4. al-Ameda says:

    @Jenos Idanian #13:

    More relevant, Otzi has been found to have been casting votes in Chicago as recently as last November. And he recently signed up for ObamaCare.

    Very interesting that, in taking all of that into consideration, he seems to be a lot more intelligent than the House Republican leadership and Ted Cruz combined. For example, he’s smart enough to know how to use a Health Insurance Exchange to get an inexpensive policy, and smart enough to know that it’s easier to commit voter fraud through absentee voting than with in-person voting.

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  5. Ron Beasley says:

    This doesn’t surprise me. When I lived in Munich I spent many a weekend in the Austrian Alps. Each valley had it’s own dialect and most of the population of those valleys looked like they might be related. Until recently I think this was pretty common – a tribal thing. If you have read anything by Jarrod Diamond he talks a lot about the tribal societies in New Guinea where everyone is related to everyone. Yes tribes that are close to each other trade women for wives but in the end that only results in individual tribes all be related to each other.

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  6. Am I the only one that thinks the revelation that Austria has apparently created a DNA database of everyone who donated blood to be more significant than the ice mummy part of the story?

    Like or Dislike: Thumb up 2 Thumb down 1

  7. They say that Genghis Khan has 16 million descendants living today:
    http://news.nationalgeographic.com/news/2003/02/0214_030214_genghis.html

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  8. Jenos Idanian #13 says:

    @Stormy Dragon: Am I the only one that thinks the revelation that Austria has apparently created a DNA database of everyone who donated blood to be more significant than the ice mummy part of the story?

    Holy crap… that is seriously disturbing. But at least it’s not like Austria has a history of producing fascists with psychotic ideas about eugenics or something…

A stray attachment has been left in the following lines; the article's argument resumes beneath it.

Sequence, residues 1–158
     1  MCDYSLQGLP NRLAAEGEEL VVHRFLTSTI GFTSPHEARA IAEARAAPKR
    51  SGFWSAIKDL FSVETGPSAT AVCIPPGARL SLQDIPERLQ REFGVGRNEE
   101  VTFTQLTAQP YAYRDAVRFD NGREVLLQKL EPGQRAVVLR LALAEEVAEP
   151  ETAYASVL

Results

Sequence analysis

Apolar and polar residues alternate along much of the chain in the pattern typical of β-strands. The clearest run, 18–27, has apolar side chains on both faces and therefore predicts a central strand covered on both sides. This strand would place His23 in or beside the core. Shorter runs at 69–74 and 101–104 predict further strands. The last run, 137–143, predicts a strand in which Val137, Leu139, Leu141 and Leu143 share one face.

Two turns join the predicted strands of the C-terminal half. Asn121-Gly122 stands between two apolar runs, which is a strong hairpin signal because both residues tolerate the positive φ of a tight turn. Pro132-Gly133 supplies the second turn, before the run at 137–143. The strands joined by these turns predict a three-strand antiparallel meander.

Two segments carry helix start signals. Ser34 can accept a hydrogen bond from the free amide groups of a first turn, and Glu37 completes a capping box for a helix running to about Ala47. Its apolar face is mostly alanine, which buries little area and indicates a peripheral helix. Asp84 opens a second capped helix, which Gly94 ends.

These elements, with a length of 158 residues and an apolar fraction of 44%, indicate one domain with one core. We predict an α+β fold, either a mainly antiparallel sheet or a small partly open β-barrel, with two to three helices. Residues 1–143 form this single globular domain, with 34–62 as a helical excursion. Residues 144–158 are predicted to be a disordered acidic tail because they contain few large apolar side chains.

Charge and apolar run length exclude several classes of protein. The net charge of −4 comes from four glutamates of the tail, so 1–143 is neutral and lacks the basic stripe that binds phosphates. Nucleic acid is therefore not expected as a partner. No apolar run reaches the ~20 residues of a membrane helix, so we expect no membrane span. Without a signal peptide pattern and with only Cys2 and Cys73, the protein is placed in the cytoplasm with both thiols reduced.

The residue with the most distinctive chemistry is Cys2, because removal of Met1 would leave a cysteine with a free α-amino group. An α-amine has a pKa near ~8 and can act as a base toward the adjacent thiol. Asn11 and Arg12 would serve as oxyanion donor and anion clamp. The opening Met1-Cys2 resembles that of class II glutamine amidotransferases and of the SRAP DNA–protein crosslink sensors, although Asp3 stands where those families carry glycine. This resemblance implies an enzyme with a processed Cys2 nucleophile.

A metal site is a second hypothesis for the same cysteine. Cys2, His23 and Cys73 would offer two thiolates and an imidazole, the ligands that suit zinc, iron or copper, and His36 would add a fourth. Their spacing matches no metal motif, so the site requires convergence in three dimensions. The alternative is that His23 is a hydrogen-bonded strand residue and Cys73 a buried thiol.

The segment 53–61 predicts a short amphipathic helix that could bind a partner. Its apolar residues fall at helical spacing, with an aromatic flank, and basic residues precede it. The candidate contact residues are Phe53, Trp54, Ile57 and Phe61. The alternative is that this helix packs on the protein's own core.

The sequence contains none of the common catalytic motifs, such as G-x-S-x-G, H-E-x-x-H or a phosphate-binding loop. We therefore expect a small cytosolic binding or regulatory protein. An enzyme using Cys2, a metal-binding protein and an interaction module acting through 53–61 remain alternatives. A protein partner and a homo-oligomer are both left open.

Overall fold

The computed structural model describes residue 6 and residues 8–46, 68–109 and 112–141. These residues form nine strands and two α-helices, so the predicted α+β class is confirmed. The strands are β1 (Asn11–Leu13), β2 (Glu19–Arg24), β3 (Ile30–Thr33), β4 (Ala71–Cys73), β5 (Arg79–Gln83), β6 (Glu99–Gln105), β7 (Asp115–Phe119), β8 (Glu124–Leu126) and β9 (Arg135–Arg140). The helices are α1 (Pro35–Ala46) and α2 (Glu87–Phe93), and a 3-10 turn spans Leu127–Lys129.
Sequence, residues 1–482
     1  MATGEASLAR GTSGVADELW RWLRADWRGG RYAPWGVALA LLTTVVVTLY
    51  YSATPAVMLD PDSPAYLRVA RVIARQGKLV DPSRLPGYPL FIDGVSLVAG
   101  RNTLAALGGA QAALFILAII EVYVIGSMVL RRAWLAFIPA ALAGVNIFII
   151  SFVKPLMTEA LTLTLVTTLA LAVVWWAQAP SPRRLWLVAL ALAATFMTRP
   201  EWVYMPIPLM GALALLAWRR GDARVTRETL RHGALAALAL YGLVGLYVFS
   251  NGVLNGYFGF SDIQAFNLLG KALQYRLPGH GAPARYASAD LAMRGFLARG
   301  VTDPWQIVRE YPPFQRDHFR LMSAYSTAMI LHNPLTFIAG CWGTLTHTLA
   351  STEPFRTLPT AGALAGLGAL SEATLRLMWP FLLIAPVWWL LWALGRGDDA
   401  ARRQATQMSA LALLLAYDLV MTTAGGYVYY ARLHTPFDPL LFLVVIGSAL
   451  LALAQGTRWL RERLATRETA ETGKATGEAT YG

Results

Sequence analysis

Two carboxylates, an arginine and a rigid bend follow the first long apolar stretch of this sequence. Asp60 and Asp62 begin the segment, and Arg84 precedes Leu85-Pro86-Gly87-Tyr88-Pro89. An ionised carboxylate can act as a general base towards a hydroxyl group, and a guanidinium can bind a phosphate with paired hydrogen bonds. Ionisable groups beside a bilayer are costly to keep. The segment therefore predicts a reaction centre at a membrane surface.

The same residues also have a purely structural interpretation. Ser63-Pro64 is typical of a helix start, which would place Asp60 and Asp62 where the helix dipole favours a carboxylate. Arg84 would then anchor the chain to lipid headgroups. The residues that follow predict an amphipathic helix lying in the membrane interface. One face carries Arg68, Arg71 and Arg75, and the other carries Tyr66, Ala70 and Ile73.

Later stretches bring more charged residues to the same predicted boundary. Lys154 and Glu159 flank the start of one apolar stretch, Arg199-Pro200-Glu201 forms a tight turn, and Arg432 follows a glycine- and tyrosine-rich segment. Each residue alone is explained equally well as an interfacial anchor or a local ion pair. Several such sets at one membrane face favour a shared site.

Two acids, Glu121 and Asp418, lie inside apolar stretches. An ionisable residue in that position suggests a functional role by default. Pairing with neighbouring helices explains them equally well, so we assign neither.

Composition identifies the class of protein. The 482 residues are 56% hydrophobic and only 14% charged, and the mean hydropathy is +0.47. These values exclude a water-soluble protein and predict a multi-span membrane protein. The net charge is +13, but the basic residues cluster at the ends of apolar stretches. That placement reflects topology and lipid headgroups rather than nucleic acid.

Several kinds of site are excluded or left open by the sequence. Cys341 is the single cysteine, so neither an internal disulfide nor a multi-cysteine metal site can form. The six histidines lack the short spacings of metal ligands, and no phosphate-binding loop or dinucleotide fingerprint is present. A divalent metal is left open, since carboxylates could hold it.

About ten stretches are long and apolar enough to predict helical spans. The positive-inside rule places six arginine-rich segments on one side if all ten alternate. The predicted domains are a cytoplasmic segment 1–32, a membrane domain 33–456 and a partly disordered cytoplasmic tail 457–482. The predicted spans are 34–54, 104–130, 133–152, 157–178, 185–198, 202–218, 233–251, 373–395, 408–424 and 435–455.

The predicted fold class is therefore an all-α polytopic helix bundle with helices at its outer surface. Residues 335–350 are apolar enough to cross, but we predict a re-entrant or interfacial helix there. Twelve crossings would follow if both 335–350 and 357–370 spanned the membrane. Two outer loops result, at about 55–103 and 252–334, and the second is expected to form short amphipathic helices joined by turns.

Like or Dislike: Thumb up 2 Thumb down 1

  9. OzarkHillbilly says:

    @Stormy Dragon: @Jenos Idanian #13:

    Am I the only one that thinks the revelation that Austria has apparently created a DNA database of everyone who donated blood to be more significant than the ice mummy part of the story?

    Yes, yes, by all means remain ignorant because who knows what evil may be done with that knowledge!

    (this logic applies to every thing man has ever learned about anything)

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  10. rudderpedals says:

    ice mummy

    Needs an ice daddy. Who’s your ice daddy?

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  11. Lounsbury says:

    @Tim D.:

    Quite right, he has rather fundamentally misread this. Population relatedness and movements are not best tracked by a single individual but looking at trait distributions, whic his already done.

    Of course it is banal to note that population movements have accelerated since at least 1492.

    Like or Dislike: Thumb up 1 Thumb down 0

  12. Barry says:

    @Tim D.: “In fact, some statistical models of populations claim that the Most Recent Common Ancestor (i.e. an ancestor of every living human) lived between 2000 and 4000 years ago.”

    The New World, Australia, Polynesia…..

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  13. Tim D. says:

    @Lounsbury: Exactly. Or to put it another way, a study that samples one genetic marker in one region at one point in time is nowhere near being able to address the question of changes over time of human migration patterns. It’s still an interesting finding, tho.

    @Barry: Eh? Are you saying that those regions are genetically isolated? Or something?